And just as a slightly related side note, check out the stealthsurfer drive…while it’s focused on anonymity online, one could (or rather “I do”) view that as just another perspective on “controlling one’s online identity.” Going to pick one up to play with…
Like about 1.7 million other people, I read The New Nanny Diaries Are Online in the NY Times this weekend. Today, I read the response from the nanny in question, posted to the blog in question, and wow — there’s a little bit of a disconnect between the two realities.
Read, and judge for yourselves. It’ll be interesting to see what sort of attention (if any) this story gets in the offline world.
Mike at Techdirt today posted BBC Takes A Step Towards Broadcatching? Apparently the BBC is taking the step of debuting a new sitcom online, and Mike writes:
The show will go online a week before it actually airs on TV, and then be available to download until a week after the series ends. What’s not clear from the announcement, though, is whether they’ll offer up any kind of RSS feed or enclosures for this. Also, it’s unlikely they’ll be using any kind of BitTorrent-like P2P tools to ease their bandwidth needs. However, just the idea of offering up a new television show for download at the same time as it’s playing on TV is an intriguing idea.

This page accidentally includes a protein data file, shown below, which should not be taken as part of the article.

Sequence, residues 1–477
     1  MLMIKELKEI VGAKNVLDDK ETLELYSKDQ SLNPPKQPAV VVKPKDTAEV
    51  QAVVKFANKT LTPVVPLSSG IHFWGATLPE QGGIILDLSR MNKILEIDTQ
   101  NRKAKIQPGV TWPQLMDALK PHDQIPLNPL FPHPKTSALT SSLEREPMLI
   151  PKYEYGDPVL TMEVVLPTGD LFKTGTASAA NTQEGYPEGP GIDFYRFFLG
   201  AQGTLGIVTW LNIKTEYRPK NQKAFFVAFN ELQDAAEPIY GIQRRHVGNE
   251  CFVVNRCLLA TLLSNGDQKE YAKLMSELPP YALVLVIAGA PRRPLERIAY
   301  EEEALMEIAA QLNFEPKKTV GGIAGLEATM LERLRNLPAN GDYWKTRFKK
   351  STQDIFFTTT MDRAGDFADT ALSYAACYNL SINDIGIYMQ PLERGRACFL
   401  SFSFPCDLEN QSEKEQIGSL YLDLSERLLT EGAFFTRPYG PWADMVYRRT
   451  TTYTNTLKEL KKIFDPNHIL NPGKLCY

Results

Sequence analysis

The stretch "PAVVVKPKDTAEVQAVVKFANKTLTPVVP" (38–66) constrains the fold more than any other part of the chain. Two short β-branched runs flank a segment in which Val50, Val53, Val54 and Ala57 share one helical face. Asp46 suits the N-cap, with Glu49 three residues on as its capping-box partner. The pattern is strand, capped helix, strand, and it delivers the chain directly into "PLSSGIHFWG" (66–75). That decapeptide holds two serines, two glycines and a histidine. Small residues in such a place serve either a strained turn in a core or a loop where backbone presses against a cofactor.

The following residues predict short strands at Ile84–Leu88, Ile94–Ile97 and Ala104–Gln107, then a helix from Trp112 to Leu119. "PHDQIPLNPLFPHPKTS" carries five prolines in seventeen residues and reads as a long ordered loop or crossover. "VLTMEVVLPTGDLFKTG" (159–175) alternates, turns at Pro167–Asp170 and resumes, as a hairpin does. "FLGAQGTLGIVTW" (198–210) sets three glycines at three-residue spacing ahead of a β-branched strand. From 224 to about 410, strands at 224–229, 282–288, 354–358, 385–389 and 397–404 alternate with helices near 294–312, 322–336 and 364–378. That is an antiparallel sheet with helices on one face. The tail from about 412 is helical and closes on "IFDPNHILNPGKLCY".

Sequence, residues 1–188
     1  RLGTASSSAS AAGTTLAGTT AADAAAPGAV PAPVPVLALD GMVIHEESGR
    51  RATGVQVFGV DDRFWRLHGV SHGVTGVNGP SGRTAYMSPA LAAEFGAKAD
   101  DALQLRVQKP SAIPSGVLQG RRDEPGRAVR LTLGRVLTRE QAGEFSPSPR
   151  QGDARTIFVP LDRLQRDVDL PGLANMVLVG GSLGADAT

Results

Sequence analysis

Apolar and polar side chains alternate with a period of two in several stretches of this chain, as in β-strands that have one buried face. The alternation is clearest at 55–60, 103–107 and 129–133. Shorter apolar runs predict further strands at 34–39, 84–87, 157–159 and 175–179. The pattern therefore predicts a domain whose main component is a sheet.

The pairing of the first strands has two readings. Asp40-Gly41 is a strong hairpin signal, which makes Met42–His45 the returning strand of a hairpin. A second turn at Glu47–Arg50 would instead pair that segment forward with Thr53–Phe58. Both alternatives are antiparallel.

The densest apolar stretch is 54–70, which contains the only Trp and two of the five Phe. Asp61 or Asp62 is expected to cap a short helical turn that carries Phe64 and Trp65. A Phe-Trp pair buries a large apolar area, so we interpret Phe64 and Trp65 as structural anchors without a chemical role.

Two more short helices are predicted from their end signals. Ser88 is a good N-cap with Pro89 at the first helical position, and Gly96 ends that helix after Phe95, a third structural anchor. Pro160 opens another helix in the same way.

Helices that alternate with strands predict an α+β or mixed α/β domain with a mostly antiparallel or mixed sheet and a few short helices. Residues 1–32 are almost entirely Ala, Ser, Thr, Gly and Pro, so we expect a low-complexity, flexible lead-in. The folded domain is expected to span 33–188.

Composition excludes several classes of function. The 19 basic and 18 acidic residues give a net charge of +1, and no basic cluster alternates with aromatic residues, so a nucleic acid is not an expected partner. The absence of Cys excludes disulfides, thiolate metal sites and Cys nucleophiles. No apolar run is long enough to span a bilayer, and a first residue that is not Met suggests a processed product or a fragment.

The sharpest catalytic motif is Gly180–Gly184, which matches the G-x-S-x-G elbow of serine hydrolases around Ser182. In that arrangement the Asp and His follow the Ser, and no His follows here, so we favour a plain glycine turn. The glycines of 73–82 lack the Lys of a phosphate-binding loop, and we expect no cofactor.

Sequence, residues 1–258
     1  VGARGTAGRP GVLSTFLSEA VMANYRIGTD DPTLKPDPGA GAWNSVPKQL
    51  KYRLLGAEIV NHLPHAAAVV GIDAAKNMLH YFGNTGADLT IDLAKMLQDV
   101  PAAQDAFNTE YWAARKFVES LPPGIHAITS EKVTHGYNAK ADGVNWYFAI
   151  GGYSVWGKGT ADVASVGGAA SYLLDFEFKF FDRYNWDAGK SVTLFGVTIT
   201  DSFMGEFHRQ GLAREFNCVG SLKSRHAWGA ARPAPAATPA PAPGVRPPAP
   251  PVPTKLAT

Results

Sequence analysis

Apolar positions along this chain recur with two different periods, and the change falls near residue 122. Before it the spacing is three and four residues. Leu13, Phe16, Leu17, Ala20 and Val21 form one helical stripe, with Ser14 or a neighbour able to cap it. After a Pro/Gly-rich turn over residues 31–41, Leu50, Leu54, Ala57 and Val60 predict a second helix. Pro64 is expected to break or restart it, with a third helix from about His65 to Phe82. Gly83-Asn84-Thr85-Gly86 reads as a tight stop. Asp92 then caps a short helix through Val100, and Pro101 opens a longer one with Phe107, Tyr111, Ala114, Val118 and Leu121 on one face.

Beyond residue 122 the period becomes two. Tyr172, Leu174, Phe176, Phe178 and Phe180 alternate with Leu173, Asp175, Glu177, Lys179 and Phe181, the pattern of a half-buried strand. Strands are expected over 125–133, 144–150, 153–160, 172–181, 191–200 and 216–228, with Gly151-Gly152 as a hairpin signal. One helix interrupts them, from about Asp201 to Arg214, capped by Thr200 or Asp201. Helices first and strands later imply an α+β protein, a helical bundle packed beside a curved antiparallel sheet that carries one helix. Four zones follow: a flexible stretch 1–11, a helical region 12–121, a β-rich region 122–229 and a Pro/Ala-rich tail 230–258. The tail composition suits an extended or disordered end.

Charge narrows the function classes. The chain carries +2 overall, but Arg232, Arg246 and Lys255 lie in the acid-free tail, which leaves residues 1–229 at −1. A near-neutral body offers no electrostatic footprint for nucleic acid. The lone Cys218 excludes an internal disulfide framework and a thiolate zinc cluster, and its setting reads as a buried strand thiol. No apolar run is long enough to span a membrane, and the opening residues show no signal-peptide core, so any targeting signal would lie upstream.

So the BBC isn’t yet “podcasting” — or whatever we want to call it when it’s non-audio content — but Mike’s mention of RSS enclosures and BitTorrent as relevant to this sort of distributrion reminded me of a link that was passed to me a few weeks ago: the Azureus BitTorrent client has long had an “RSS Import” plugin. Point the plugin at one of the RSS feeds that lists new torrents, provide it with a regular expression that defines the shows you want to capture and away you go — new episodes of the shows that you choose are automagically downloaded as soon as they’re available.
Oh, and the trend-conscious should note that this is so buzzword-compliant as to be a little frightening…RSS, BitTorrent, and search all at once. Mmmmm.